Iowa’s Jeffrey Bock is an unsung hero of America’s frame building fraternity. It’s almost a shock to learn that he’s made a few hundred frames — the first in 1975. This Blue Beauty is one of his latest and features Jeff’s own hand-carved lugs and paint work.
As you’d expect, Jeff’s story is a rich and fascinating one: He graduated from college and started working at Europa Cycles in Cedar Falls in 1974, where bikes and cycling took over his life — there were some months when he was riding over a thousand miles.
After a year, he had acquired a Raleigh Professional, a 1964 Schwinn Paramount, and a Campagnolo tool kit, but he was really seeking the next level: building the frames himself. So he made the pilgrimage to Michael’s Cyclery in Ames, Iowa.
There, he met with Michael Fatka, the owner, who introduced him, in turn, to Michael Bornstein, an employee who had been learning how to build the skills from Cecil Behringer. Bornstein took Jeff under his wing and placed the torch in his hands.
Bornstein helped Jeff build his first frame which is still in existence. Jeff’s second frame was made for a guy who gave Jeff a ride to Ames every weekend — and that one rode across the United States on the 1976 Bike Centennial Ride.
In 1979 he went back to school at Iowa State to gain access to a machine shop to build fixtures and jigs. He also completed his teaching certificate and taught printing and graphic arts for 30+ years in the Des Moines Public Schools — building bikes part-time.
Which brings us to the Blue Beauty, inspired by the randonneurs in Bicycle Quarterly. Jeff is mates with the “glib-tongued” Doug Fattic, through whom Jeff obtained some blank lugs, which he ornately carved and built the frame around.
The tubing is a random mix: “The fork was my last pair of Reynolds 531 EB708s,” Jeff says. “The chain stays, seat stays, and seat tube are from an old set of Tange Prestige I had in stock (I had been laboring under the impression that the set was heavier gauge, but it turns out, it was a very light weight set, with main tubes .7/.4/.7 wall thicknesses. The stays were also pretty light.).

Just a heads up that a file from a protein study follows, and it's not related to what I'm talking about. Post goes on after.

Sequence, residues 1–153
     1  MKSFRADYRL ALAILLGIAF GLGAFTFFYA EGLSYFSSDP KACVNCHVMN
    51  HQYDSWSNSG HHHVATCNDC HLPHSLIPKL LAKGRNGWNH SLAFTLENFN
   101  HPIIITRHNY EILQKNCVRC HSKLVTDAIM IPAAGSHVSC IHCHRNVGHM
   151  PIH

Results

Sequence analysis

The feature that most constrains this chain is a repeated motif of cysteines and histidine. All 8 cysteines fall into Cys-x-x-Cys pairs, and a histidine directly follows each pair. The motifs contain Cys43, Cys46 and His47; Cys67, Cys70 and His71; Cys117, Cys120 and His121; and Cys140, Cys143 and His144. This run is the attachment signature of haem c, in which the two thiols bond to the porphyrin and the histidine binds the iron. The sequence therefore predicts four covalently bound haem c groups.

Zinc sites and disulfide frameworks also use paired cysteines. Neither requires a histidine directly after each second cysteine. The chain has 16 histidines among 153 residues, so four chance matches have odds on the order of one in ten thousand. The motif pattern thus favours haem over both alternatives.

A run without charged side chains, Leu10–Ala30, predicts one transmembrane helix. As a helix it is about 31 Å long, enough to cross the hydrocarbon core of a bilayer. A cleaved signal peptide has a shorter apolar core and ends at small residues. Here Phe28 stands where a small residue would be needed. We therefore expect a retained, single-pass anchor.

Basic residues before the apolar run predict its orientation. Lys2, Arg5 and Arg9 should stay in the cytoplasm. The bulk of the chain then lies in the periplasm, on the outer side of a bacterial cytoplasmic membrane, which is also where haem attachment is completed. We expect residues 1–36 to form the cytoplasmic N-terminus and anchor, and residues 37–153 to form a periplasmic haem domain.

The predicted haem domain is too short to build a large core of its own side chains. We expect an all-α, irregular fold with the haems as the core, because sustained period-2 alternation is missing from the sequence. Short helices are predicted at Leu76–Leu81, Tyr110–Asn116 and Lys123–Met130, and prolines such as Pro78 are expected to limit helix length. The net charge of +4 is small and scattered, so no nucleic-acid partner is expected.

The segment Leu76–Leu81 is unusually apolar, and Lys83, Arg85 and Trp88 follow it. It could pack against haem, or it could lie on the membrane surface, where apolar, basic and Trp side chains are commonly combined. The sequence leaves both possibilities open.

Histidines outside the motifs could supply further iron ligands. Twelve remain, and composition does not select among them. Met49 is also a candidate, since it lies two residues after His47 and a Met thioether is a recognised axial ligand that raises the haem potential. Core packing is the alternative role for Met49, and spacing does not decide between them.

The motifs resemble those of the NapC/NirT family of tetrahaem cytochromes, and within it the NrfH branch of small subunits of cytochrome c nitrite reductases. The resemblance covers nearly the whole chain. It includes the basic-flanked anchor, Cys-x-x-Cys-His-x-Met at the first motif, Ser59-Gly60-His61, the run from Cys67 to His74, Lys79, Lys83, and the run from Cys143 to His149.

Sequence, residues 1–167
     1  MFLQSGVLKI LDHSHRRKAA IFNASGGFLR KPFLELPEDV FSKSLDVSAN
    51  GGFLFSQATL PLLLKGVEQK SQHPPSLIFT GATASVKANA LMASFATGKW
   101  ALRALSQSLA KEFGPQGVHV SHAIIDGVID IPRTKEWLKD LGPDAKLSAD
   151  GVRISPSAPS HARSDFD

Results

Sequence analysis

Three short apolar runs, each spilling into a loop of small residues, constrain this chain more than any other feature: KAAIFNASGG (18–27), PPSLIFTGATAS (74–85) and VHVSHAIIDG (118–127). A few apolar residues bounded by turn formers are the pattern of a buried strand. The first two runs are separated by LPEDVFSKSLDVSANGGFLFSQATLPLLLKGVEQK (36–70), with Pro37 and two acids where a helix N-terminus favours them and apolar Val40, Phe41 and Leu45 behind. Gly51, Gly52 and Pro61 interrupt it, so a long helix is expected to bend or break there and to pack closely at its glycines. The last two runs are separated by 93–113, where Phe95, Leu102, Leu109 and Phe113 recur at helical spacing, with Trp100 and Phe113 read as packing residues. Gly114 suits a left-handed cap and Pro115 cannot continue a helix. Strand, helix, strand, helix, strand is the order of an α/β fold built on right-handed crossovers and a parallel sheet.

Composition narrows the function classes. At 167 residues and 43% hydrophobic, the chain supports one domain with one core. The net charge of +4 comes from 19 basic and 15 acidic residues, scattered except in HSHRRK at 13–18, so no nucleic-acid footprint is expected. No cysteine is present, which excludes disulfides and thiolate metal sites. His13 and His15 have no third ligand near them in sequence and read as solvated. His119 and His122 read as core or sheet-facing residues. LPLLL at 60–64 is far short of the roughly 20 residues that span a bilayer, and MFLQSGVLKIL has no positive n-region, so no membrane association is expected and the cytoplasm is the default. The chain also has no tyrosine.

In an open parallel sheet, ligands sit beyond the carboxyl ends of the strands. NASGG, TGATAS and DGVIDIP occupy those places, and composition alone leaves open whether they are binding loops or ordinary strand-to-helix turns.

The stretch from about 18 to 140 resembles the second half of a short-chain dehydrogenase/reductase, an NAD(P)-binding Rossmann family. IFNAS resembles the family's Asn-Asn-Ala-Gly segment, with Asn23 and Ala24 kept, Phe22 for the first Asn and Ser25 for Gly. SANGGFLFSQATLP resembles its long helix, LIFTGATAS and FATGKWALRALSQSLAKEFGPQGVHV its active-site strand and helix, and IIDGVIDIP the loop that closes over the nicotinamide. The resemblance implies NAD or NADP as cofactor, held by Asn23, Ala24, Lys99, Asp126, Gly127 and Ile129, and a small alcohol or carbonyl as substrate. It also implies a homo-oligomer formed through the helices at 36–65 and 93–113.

“I used the Tange chain stays, rather than the NOS Reynolds 753 stays I have in stock, because the Tange stays were a bit longer and have a narrower oval (I was planning to run 42mm 650b tires and didn’t want to have to bend and/or crimp the stays to get clearance). The rest of the main triangle is True Temper OX Platinum in .07/.04/.07 wall thicknesses.
Jeff also built the front rack. The Spanninga rear light is wired through the frame and rear fender bead, and is painted to match the frame, along with the Honjo fenders and Silca Impero pump. The Brooks Pro is his long-time favorite model.
The lug lining was completed by Jeff himself, while the free-hand box lining on the tubes were executed by a retired sign painter/artist named John Parker. And the Bock/Goat correlation? If you know your beer, you’ll probably know the answer.
Jeff is opening up his order book again, so if you’re after an American-made classic by a living legend, get in touch with him via his Facebook page.
Special thanks to Christopher Maharry for the photos.